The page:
As dusk set in, a well-dressed fat man with lizard green eyes and gelled hair walked past me on my street, looked me straight in the face, and said:
"Crack, cocaine, Ecstasy?"
Yes, I live in New York City.
No, I am not accustomed to this.
This instance occurred one week after my return home to Manhattan in August from a year of working in Japan. Still, prior to my work abroad, as a longtime resident of New York City, the only place I had ever been offered drugs was outside a concert hall in northern California.
My encounter with Lizard Eyes brought to mind the theory a Midwestern friend had expounded during a visit to New York last July, in an attempt to explain the city to which I was returning post 9/11.
"People are over the idea of human kindness that got them through the end of 2001. New York is headed for a throwback to its dark '80s days."
Although I had dismissed this thought as asinine, Lizard Eyes had depressed and saddened me - and he was on my street.
Still, out of loyalty to this city, I decided to put the foreign Midwestern theory out of mind and withhold judgment until I had experienced New York anew for at least a couple of months.
As an old newcomer, every day is a trial.
When I walk around my neighborhood, I see more trash than I ever noticed before. This could be a product of moving back to New York after having lived in a small town in Japan for the past year, or it could actually indicate that there is a larger litter problem.
Homelessness seems more pronounced, and this is apparently not just my perception. On Oct. 30, The New York Times reported the unsurprising news that "Mayor Michael R. Bloomberg, reversing an assessment of homelessness that he made two weeks ago, said yesterday that he believed the number of New Yorkers sleeping in the streets was increasing."
In short, there are fresh problems in this city, and they correspond with those emerging in the rest of the country.
In August, though, I had vowed to give it time.
In early September, when I was out with a friend at a cafe, he had his foot up on a chair, and a woman reached for the chair as she looked at him and said,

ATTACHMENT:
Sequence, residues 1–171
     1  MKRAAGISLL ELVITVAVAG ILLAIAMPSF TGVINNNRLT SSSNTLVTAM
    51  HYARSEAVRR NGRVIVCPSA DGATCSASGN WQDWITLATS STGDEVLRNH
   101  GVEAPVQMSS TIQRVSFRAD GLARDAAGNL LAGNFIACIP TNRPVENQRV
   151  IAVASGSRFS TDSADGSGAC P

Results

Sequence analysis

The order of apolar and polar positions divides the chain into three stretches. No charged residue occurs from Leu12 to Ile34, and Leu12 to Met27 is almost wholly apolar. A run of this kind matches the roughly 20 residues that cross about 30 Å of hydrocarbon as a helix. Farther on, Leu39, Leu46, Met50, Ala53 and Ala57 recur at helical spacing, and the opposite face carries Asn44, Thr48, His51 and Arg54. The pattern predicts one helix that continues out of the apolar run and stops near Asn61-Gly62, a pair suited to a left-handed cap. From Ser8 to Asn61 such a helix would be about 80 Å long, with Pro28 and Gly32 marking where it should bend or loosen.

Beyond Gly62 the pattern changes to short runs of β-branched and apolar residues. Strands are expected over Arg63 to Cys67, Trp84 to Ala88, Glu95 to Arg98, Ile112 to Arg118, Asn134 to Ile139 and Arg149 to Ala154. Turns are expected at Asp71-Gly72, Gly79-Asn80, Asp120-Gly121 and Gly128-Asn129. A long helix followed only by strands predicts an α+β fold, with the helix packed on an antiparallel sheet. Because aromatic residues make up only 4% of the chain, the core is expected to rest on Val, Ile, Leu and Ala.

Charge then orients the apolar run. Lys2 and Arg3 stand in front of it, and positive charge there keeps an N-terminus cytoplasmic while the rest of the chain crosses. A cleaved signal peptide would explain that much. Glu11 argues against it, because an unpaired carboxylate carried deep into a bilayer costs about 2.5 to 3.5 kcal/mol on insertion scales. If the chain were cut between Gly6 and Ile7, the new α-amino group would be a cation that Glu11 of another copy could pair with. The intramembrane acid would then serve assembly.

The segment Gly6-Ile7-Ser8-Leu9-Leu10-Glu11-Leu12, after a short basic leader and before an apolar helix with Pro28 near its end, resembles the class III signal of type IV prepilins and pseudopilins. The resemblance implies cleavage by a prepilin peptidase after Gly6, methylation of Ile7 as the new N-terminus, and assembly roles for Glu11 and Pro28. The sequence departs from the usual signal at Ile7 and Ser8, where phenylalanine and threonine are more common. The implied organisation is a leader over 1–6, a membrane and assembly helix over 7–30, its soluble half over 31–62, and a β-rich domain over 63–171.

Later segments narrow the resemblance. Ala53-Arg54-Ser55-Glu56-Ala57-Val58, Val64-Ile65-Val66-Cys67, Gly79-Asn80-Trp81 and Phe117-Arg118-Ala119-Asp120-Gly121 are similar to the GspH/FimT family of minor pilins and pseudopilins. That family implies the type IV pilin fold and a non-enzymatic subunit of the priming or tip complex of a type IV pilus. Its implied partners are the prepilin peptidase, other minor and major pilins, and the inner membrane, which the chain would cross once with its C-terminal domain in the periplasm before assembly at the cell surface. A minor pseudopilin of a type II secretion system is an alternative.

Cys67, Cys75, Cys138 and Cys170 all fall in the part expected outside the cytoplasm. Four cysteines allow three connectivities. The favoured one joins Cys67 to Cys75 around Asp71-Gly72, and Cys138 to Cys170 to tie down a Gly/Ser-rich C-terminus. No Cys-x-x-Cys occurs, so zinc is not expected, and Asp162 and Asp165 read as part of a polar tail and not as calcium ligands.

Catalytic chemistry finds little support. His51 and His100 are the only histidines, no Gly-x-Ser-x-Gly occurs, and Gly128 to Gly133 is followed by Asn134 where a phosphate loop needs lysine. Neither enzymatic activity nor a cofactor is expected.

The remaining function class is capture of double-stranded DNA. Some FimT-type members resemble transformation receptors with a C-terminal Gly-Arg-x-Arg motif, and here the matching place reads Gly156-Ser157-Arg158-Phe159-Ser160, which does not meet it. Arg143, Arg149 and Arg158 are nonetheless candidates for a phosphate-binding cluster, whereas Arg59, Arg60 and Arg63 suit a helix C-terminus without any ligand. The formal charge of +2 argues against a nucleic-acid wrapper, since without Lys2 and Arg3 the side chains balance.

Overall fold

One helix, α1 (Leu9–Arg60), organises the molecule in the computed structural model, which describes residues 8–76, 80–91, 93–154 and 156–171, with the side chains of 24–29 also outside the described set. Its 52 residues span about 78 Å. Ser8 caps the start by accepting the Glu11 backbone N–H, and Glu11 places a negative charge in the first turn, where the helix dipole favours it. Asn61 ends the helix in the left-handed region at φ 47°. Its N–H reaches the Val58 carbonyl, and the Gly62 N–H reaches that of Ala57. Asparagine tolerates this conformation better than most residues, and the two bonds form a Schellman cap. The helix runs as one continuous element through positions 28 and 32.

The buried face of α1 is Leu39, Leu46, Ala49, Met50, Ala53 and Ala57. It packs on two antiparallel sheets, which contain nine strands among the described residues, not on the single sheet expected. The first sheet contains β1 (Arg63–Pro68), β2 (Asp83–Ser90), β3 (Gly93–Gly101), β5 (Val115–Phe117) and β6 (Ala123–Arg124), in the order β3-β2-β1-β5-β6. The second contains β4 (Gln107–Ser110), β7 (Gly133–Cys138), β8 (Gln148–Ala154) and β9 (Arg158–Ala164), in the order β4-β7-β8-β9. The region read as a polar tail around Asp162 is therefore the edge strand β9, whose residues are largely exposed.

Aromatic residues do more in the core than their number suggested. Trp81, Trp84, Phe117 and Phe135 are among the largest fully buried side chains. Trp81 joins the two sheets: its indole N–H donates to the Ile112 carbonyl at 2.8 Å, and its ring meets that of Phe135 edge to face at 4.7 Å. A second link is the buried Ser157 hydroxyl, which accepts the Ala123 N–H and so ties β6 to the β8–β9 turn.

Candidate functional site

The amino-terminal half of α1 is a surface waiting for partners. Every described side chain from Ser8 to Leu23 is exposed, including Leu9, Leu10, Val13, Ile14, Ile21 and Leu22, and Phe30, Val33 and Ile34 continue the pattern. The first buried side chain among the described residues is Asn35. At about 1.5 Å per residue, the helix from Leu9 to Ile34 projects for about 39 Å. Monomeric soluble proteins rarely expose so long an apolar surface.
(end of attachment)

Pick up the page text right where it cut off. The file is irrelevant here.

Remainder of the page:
"You're gonna wanna move your foot."
My out-of-towner friend was so taken aback that he didn't know what to do but laugh.
My initial reaction was to wonder why an "Excuse me," couldn't suffice.
Finally, Ted the out-of-towner said, "I thought New Yorkers were supposed to be nice now."
I guess not.
But we had encountered the brusque woman only three weeks after my return to New York, and I convinced myself that there was still some adjusting to be done.
At the beginning of October, I was on an F train headed from 34th Street downtown. As is my common practice on a good day, I tried to make eye contact with as many frowning people as possible, in an attempt to get them to mirror my contextually idiotic and sedated-looking slight upturn of the lips. This attempt at eye contact is not an effort to better the human condition; it is merely a way to pass time on the fluorescent-lit, squeaking, and rumbling train.
I looked up at a huge man whose entire body was covered with a navy blue jacket bulging with padding. Only his brown boots and shaved head were free from insulation. Headphones, tucked into his ears, hung loose around his neck and he moved his head with the seemingly slow, very cool rhythm. He looked straight ahead.
We were coming upon the West 4th Street stop, and a slight, unshaven young man, wearing a fleece jacket, bellbottoms, and a ski hat got up in preparation to exit. As he stood, he reached to grab a pole. He missed. The train began to brake, and the little hippie was hurled backward, only stopped by his ultimately successful blind reaching for a pole - any pole. The scene lasted about three seconds, but those seconds were time enough to redden his face with humiliation.
The huge padded man looked at him, smiled warmly, and waved his palm down in a "No man, it's all right," gesture. The hippie shrugged, smiled, and nodded as his face returned to its normal hue.
In a city where image is everything, the friendly exchange of a headphoned man in a bulging jacket excusing a hippie for looking silly in public, can be a very touching thing.
In other news from New York, about a week ago I was uptown on the bus headed from East side to West side. A young man sat in the aisle seat across from me, wearing jeans and a leather jacket. As I glanced over, he looked up at a healthy, young woman standing in the aisle, and offered her his seat. She smiled, thanked him, and refused.
The Midwesterner claims that human kindness is dead in New York. But not only is it alive, chivalry is, too (at least on that uptown bus going from East to West).
My assessment - as one who has left and returned after a turmoil-laden year - is that New Yorkers are no more rude or disgusted than they were before. After a year away, I can safely say that New Yorkers are just as strong-willed and curt as always; no more bitter than they were before the terrorist attacks, no less rough than ever.
Although curtness is rampant, and litter and homelessness ubiquitous, the subtle goodness that makes us all believe that humankind is predominantly decent still pulses strongly under the surface.
A New Yorker will look at another New Yorker and help him stop blushing. This is the timeless and unspoken human consideration. It can only be brought about by perpetual exposure to one's fellow man and an intrinsic understanding of human nature.
It won't be destroyed by Lizard Eyes, or by anyone else.